Why Doesn't the FDA Require Labeling of Genetically Engineered Foods?


The FDA’s labeling policy for GE foods is the same as for conventional foods and it assures that consumers are given information about nutritional, health safety, or food quality changes in the end product. FDA mandated labels are not used to provide information about the process by which the food is made. If a GE food is significantly different from its conventional counterpart, the food must be labeled to indicate the difference. Instances where the nutritional profile changes are included, for example if the GE food is created using genetic information from a previously recognized allergenic source, such as peanut, soy, or wheat, or if the new protein has characteristics of known allergens. For example, oils made from GE soybean and canola varieties with changes in fatty acid composition must be labeled; foods containing those oils must be labeled and companies producing that oil must use a new name. For example, Monsanto is using the name VistiveTM to market its low–linoleic acid product from GE soybean oils (1). If a food contains a new, potentially allergy-causing introduced protein, the label must state that the product contains the allergen and name its source.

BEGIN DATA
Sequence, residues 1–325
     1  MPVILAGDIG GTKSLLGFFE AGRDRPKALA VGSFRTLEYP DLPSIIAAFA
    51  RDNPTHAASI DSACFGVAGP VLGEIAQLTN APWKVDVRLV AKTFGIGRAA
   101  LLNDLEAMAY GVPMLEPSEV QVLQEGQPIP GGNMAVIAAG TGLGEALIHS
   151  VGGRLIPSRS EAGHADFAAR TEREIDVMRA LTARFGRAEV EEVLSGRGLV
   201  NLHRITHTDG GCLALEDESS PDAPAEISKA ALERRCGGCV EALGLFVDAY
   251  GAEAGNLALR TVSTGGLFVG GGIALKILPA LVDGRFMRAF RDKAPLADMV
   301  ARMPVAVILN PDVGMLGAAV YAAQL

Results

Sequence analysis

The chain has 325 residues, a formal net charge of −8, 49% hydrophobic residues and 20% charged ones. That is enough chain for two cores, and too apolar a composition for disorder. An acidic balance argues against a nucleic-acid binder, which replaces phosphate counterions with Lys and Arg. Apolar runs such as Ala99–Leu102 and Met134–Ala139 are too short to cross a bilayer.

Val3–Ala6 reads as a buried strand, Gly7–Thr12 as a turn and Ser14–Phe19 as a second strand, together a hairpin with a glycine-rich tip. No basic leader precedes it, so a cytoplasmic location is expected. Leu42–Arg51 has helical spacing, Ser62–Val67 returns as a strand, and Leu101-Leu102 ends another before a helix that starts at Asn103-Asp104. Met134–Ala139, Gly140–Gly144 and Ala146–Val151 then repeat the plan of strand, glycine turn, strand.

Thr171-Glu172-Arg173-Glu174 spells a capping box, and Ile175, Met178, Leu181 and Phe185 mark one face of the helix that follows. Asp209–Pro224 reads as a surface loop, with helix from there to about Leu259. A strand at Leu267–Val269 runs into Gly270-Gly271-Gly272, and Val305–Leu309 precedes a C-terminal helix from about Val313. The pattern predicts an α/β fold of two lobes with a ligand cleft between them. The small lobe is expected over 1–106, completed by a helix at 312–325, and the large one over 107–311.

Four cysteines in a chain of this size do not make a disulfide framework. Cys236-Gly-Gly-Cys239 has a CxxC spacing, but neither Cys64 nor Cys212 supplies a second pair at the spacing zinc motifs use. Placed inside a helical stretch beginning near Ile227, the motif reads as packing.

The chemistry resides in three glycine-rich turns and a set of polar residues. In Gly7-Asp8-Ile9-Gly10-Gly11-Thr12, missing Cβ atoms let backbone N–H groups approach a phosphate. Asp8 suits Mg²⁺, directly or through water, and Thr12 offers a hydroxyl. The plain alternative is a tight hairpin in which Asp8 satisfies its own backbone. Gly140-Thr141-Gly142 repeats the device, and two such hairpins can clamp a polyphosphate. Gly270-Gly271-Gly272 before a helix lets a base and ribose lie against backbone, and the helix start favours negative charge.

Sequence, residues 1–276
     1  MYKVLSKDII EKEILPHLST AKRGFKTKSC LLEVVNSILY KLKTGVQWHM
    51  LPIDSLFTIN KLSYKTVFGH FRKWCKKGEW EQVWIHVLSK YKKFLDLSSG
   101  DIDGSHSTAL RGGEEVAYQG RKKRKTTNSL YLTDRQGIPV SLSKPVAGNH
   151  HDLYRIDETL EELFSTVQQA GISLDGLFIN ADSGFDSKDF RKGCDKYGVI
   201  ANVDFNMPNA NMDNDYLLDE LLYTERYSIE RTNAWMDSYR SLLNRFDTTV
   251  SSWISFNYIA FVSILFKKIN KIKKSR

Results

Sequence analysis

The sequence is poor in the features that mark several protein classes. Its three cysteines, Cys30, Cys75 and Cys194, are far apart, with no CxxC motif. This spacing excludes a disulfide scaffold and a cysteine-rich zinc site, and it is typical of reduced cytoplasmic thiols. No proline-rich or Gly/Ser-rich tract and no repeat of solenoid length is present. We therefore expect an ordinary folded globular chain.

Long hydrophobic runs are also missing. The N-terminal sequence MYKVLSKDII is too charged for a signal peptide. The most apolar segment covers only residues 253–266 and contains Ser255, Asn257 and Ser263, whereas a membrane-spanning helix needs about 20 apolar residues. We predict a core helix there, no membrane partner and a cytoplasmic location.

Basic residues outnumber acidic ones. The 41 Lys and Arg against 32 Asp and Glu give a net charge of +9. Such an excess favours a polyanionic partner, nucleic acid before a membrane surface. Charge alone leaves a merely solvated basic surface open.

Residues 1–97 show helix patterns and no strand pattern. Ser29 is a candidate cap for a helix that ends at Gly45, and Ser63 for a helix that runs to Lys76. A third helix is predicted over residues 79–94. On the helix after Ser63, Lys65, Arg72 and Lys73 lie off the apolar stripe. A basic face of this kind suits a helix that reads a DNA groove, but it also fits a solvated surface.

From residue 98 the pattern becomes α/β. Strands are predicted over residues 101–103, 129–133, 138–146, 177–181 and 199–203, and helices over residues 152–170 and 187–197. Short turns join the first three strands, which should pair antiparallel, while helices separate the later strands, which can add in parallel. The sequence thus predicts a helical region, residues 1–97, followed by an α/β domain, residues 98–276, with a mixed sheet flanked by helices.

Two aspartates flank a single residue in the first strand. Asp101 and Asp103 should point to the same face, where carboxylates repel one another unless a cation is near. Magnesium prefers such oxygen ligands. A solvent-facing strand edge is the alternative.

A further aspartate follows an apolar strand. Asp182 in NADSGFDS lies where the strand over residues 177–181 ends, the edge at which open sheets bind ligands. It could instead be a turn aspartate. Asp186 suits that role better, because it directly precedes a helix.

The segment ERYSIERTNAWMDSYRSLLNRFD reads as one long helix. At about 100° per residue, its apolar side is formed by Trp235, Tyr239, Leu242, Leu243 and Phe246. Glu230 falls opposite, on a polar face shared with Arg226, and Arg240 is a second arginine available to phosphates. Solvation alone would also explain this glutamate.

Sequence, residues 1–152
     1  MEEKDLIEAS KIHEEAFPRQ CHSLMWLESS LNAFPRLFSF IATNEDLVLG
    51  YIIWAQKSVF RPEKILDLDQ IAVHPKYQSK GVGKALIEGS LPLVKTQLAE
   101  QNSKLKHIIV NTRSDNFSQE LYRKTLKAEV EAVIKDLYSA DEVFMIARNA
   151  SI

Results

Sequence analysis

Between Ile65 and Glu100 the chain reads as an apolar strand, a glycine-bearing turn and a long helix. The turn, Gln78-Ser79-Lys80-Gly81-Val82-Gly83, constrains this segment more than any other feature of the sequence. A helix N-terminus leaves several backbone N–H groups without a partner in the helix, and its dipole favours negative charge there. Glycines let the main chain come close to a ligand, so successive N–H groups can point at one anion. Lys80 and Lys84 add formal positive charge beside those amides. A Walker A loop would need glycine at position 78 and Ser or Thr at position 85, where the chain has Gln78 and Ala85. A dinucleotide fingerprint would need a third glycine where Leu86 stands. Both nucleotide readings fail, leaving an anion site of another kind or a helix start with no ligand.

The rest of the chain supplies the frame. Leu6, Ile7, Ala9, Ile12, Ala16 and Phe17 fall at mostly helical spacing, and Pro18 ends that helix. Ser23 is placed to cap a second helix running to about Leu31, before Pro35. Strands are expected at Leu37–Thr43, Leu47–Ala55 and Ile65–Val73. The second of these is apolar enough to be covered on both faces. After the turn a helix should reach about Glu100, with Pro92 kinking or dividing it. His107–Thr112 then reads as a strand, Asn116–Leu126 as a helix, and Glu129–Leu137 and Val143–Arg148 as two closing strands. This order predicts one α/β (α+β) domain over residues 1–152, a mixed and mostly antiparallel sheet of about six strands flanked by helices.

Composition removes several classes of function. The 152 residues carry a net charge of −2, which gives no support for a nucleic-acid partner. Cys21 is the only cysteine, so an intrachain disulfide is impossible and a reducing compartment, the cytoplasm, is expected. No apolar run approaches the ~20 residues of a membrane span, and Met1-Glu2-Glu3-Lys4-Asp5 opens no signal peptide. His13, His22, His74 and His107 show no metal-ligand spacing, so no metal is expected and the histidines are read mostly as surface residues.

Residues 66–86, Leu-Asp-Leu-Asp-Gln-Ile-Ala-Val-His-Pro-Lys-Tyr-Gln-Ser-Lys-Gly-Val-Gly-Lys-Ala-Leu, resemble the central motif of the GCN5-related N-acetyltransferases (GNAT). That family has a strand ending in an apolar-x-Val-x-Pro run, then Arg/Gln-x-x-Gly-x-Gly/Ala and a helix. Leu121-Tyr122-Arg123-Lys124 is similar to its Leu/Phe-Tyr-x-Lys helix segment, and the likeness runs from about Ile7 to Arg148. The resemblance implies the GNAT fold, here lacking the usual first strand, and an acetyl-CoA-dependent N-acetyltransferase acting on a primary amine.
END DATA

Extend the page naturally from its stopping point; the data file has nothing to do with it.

1. Monsanto. 2008. About Vistive. Last accessed 2011-11-25. PDF


Updated 2/16/12